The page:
Remedies

 

The best action for consumers to take depends on the severity of the breach and whether it can be remedied. If goods were purchased using finance agreements, additional remedy is possible.

A range of remedies

If goods or services fail to comply with a consumer guarantee, the consumer has the right to a remedy under the ACL. The available remedies include:

repair;

replacement;

refund;

compensation;

cancellation of the contract.

The particular remedies available to a consumer depend on the particular consumer guarantee and the severity of the failure to comply with that guarantee.

A consumer may seek a remedy from the supplier, the manufacturer or both, depending on the particular guarantee. Where a foreign manufacturer does not have a place of business in Australia, a consumer can take action against the importer instead.

The remedies under the ACL exist in addition to remedies in any contract, and any warranty provided by the supplier or manufacturer.

Remedies against suppliers of goods

A consumer can take action against a supplier if the goods fail to comply with a consumer guarantee (s 259 ACL), other than the guarantees relating to repairs and spare parts (which only apply to manufacturers).

Which remedies are available depends on:

whether the failure can be remedied; and

whether the failure to comply with a guarantee is a “major failure”.

Major failures by suppliers of goods

The failure to comply with a consumer guarantee is a major failure if:

the goods would not have been bought by a reasonable consumer who was fully acquainted with the nature and extent of the failure at the time of purchase;

the goods are significantly different from their description, sample or demonstration model;

the goods are substantially unfit for their normal purpose and that unfitness cannot easily be remedied within a reasonable time;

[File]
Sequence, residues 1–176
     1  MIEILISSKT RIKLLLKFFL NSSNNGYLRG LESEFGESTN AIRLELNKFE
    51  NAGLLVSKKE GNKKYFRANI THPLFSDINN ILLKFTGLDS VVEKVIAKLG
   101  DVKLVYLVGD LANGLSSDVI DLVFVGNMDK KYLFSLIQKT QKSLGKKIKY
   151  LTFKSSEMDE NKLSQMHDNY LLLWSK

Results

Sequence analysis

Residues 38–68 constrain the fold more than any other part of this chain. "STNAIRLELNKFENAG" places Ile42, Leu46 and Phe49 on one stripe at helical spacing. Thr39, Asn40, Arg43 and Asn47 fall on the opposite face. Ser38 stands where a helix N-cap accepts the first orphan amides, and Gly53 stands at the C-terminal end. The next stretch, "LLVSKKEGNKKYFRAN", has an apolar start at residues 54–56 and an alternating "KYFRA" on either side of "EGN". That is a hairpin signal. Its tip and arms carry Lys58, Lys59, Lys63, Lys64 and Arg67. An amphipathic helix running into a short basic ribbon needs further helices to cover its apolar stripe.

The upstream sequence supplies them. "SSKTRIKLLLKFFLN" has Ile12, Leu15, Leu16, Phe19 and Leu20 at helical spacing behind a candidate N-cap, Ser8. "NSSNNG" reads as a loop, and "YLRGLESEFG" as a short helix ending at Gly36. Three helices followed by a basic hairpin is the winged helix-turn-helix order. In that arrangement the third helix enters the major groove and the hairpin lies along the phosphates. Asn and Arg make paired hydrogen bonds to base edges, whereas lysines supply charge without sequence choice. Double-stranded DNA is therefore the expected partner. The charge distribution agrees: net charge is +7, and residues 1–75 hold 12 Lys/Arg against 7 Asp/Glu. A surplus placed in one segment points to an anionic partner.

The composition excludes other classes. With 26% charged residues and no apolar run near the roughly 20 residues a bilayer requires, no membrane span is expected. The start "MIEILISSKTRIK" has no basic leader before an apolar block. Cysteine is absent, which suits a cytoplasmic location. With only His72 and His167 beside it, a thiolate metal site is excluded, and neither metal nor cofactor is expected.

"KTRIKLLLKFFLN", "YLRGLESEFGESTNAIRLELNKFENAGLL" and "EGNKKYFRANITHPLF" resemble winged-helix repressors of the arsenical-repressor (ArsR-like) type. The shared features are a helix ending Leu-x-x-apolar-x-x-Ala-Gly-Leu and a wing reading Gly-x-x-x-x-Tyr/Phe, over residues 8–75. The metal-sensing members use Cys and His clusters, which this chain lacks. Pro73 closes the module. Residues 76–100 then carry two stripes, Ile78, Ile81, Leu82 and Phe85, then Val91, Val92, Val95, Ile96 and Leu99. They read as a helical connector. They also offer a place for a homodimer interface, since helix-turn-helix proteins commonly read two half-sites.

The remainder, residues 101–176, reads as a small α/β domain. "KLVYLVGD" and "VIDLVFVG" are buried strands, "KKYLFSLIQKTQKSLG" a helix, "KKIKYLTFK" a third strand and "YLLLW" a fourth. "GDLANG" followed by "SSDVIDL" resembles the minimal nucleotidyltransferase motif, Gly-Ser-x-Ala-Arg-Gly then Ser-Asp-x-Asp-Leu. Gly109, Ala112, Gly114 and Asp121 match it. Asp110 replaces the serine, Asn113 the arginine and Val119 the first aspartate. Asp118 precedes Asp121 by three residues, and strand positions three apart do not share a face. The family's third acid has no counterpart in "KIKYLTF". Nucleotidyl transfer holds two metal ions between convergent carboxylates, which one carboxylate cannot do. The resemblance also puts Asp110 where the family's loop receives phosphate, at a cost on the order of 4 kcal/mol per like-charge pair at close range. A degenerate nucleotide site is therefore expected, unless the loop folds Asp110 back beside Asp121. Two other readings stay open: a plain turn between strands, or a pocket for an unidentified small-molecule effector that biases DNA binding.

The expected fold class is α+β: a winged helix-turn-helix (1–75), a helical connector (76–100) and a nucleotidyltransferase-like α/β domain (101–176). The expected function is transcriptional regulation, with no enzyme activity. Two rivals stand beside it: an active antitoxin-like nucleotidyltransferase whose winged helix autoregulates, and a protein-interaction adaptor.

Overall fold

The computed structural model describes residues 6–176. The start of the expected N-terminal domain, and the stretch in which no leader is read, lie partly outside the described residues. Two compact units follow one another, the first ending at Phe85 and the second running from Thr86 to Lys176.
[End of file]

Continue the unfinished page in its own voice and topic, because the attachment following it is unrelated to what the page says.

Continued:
the goods are substantially unfit for the purpose disclosed to the supplier (or their agent) before purchase, and that unfitness cannot easily be remedied within a reasonable time; or

the goods are not of acceptable quality because they are unsafe.

In short, a major failure is a problem that cannot be fixed or is very difficult to fix.

If there is a major failure with goods, a consumer can choose to:

reject the goods and choose a refund or replacement (subject to s 262 ACL); or

keep the goods and recover compensation for any reduction in the value of the goods below the purchase price (s 259(3)).

A consumer may not reject the goods where:

the consumer has lost, destroyed or disposed of the goods; or

the rejection period has ended – the rejection period runs from the date of supply until the date it would be reasonable to expect the particular failure to become apparent (s 262).

If a consumer is no longer entitled to reject the goods, they are still entitled to compensation for any reduction in the value of the goods.

To reject goods, a consumer must notify the supplier of the reasons for the rejection and return the goods. If the goods cannot be returned without significant cost to the consumer, then the supplier must collect the goods at its own cost.

It can be difficult to assess whether a consumer is entitled to reject faulty goods. Consumers should get independent expert evidence about the defects in the event of any legal action, particularly in complex matters (e.g. car disputes).

Minor failures by suppliers of goods

If the failure to comply with a consumer guarantee can be remedied within a reasonable time and is not a major failure, the consumer may ask the supplier to fix the problem (s 259(2) ACL).

The supplier must remedy the failure (free of charge and within a reasonable period) by choosing to:

repair the goods;

replace the goods with goods of an identical type;

refund the value of the goods; or

cure any defect in title, if applicable (s 261).

If the supplier refuses or fails to remedy the problem within a reasonable time after the consumer’s request, the consumer may:

have the failure remedied elsewhere and recover all reasonable repair costs from the supplier; or

reject the goods (subject to s 262 ACL).

Consequential loss and damage

In addition to the above remedies for major and minor failures, a consumer may also take action against a supplier of goods to seek to obtain compensation for any reasonably foreseeable consequential loss or damage they have suffered due to the supplier’s failure to comply with a guarantee (s 259(4)).

Remedies against suppliers of services

A consumer can take action against a supplier of services where there has been a failure to comply with a consumer guarantee (s 267 ACL).